I learned to steelhead fish with a 15′ Sage 8 weight and a floating line on the Salmon River in North Fork, Idaho, swinging flies with names like Silver Hilton, Muddler, Green Butt Skunk, Macks Canyon, October Caddis, Greased Liner, Purple Peril and Skykomish Sunrise, at the beginning of the really hard times for these fish. The steelhead of the Salmon River, ID, swim hundreds of miles to return to their spawning grounds, through the perils dams, netting, seals, eagles and osprey, along with a host of the oceans creatures that are big enough to eat them. The biggest disadvantage against them is what we as humans have done and continue to do to impede their ability to return and propagate their species. Steelhead have the ability to live after they have spawned. Here in the Great Lakes, it is very easy for them to swim back out to the freshwater sea and put that all important weight back on so that they can come in and spawn again. We don’t know how many of the west coast steelhead actually make it back to sea. The coastal river fish obviously have the advantage of a shorter migration, whereas the fish of the Upper Columbia basin have the odds stacked against them.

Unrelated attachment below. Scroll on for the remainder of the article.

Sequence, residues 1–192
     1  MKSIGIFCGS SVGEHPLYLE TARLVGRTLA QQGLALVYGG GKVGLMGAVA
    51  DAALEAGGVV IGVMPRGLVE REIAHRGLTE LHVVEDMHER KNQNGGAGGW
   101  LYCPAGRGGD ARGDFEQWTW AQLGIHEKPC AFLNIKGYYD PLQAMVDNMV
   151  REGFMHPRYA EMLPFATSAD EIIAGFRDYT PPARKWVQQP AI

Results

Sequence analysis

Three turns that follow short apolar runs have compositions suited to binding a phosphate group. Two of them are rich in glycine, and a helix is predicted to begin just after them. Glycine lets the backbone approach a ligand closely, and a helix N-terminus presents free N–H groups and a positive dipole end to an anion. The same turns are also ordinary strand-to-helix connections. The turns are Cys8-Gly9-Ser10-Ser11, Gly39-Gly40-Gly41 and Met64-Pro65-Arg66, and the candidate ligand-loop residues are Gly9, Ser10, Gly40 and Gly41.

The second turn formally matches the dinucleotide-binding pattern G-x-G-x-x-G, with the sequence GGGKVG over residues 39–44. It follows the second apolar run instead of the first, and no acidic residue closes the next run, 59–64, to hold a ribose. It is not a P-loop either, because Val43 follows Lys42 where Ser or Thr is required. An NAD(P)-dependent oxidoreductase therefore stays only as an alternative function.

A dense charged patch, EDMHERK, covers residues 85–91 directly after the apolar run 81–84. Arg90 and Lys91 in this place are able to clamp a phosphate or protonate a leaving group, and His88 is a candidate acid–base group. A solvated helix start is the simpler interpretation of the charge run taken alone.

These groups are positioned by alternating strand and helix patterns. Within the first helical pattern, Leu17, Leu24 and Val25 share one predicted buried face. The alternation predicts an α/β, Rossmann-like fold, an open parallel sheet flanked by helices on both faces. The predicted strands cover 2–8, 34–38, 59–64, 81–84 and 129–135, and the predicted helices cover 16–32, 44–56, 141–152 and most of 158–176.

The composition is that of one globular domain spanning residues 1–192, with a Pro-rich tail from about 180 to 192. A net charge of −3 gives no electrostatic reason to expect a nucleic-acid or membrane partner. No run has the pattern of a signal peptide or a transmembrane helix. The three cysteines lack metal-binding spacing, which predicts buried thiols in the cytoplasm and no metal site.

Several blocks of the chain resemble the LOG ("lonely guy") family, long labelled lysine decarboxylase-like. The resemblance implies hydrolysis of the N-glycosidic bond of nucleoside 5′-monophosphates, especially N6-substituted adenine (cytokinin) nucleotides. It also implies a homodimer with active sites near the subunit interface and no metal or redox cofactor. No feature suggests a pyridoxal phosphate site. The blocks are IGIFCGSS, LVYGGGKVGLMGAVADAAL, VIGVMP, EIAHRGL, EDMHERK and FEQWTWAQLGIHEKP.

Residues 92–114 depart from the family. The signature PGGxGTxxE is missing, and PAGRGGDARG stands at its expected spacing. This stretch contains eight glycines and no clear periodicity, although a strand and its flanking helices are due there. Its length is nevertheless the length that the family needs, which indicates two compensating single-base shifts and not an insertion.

These fish are majestic creatures who deserve our love and attention. In the lifetimes of our fathers, the steelhead on the west coast has gone from a bathtub like faucet turned full on to a drip out of the kitchen sink.
Please support this film to bring awareness to the greatest of our native fishes.



Welcome Jon Ingham (Speybstrd) to Mangled Fly Blog and his first Contribution.


tra·di·tion– noun trə-ˈdi-shən
: a way of thinking, behaving, or doing something that has been used by the people in a particular group, family, society, etc., for a long time